A new survey from YouGov finds that millennials have more favorable views of socialism than of capitalism.
As Santayana said, those who do not remember the past are condemned to repeat it. Less than two decades after socialism seemed to have been confined to the dust-heap of history, another generation may have to learn hard lessons.
The survey, taken at the end of January, found that 43 percent of Americans under 30 had a favorable view of socialism. Less than a third of millennials had a favorable view of capitalism. No other age or ethnic demographic preferred socialism over capitalism.
Seniors, unsurprisingly, had the most favorable view of capitalism. Just 23 percent of Americans older than 65 had a positive view of socialism. Sixty-three percent of seniors, though, had a favorable view of capitalism.
Seniors, after all, experienced the long-standing intellectual battle between capitalism and socialism played out in real life. They witnessed a post-war economic euphoria grind down into a socialist malaise, only to be reinvigorated by a global embrace of disruptive technology, deregulation, and global trade.
In the past 20 years, the number of people living in poverty worldwide has fallen by half. In 1990, 43 percent of the world’s population lived in extreme poverty. In 2013, the United Nations estimated that just 22 percent of the world’s population continued to live in extreme poverty.
“Never in history have the living conditions and prospects of so many people changed so dramatically and so fast,” the UN Human Development report said.
Even if millenials aren’t swayed by the dramatic improvement in worldwide living standards, one would hope they would see the benefits of capitalism in the products and services that inhabit their world.
They live, and thrive, in a consumer-driven, on-demand society. They have immediate access, at their fingertips, to more knowledge, art, music, and communication than the wealthiest oligarch just a few decades ago.
Each and every one of the products and services they use every day was developed by someone chasing profit and market-share. It is a cliche to say that capitalism has powered the technological and scientific innovations that have improved all our lives. Apparently, however, it is a cliche that bears repeating.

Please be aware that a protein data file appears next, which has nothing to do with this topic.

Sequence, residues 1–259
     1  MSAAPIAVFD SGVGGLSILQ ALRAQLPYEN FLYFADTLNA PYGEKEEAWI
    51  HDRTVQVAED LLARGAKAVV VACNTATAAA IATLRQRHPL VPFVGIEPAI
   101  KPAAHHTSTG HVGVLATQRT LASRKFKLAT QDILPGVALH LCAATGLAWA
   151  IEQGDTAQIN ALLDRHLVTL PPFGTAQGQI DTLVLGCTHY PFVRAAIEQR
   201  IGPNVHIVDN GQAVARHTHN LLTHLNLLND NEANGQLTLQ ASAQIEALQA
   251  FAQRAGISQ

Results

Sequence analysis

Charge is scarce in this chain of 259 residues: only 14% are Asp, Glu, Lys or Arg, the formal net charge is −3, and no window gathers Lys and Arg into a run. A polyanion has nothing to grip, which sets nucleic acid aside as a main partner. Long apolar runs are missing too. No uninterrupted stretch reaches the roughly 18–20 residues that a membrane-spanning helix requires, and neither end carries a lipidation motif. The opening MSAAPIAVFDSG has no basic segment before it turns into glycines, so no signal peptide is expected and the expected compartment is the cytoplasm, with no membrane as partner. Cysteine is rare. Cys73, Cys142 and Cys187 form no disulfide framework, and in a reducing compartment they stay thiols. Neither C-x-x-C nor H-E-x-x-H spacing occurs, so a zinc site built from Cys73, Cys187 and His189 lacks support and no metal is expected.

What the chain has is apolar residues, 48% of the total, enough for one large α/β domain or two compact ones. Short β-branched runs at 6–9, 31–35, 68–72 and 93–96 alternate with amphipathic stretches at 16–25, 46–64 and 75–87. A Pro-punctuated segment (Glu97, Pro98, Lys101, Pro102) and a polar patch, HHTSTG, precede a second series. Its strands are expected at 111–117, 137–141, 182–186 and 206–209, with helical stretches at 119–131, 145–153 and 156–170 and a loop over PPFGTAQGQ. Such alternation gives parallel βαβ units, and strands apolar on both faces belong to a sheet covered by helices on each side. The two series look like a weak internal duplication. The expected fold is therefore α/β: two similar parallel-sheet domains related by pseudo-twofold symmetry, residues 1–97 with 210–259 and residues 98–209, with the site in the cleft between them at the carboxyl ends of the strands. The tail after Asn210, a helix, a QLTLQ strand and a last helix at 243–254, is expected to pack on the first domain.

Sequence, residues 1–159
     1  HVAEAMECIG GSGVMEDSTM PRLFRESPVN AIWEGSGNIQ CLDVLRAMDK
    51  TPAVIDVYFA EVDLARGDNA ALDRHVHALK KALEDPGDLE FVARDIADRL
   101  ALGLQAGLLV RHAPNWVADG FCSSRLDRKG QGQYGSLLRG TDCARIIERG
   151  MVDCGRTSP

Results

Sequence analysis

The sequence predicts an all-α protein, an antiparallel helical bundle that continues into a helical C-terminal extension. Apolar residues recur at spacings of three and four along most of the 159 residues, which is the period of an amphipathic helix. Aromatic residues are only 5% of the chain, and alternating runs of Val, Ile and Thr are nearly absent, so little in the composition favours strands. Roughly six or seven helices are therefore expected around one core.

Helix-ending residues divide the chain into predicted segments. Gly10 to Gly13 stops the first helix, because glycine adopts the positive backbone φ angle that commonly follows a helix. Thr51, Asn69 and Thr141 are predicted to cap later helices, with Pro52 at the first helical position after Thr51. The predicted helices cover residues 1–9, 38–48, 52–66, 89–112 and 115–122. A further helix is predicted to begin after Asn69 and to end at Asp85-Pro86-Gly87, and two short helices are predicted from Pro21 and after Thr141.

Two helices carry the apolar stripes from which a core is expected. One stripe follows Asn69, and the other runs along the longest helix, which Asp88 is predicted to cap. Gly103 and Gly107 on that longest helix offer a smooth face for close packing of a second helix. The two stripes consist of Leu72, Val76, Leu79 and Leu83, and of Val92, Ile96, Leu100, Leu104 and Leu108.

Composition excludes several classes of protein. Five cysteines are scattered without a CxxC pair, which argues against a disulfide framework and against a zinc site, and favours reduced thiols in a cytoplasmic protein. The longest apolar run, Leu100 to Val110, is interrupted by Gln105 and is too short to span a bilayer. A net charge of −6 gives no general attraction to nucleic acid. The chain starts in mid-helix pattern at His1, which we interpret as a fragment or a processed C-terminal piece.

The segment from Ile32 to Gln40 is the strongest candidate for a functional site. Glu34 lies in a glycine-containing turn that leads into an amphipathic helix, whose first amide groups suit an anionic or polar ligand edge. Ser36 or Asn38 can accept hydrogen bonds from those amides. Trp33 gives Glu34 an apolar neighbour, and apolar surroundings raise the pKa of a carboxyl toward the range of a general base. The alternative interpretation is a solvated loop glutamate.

On a postive note, every other demographic block in America still prefers capitalism over socialism. Well, Democrats, perhaps naturally, are evenly split between the two economic systems. At least Democrats, though, have slightly higher unfavorable ratings of socialism than capitalism.
The danger, of course, is that the demographic in America that does prefer socialism is also the future of the country. Of course, they have the luxury of looking positively on socialism, since any impact on their lives is restricted to dusty history books.
The finding also presents something of an existential dilema for the conservative and libertarian movement. Since the 1980s, the institutional infrastructure of the conservative and libertarian movement has grown exponentially.
Aside from dozens of national think tanks and advocacy organizations devoted to propogating conservative and free market views, there are more than a hundred free-market think tanks in states across the country.
It is safe to say that billions of dollars have been spent over the past two decades promoting and educating the public on the benefits of capitalism and free markets. There are publishing imprints, media companies and new conservative news sites everywhere. Yet, something has gone horribly wrong.
Many in the commentariat have watched the rise of Bernie Sanders with a certain touch of condescending nostalgia. “Oh, look a socialist is running for President, isn’t that cute,” you can almost hear them type.
For many, Bernie’s label as a socialist was something he would have to overcome to make a serious run for the White House. It may now be, however, something he needs to more warmly embrace.
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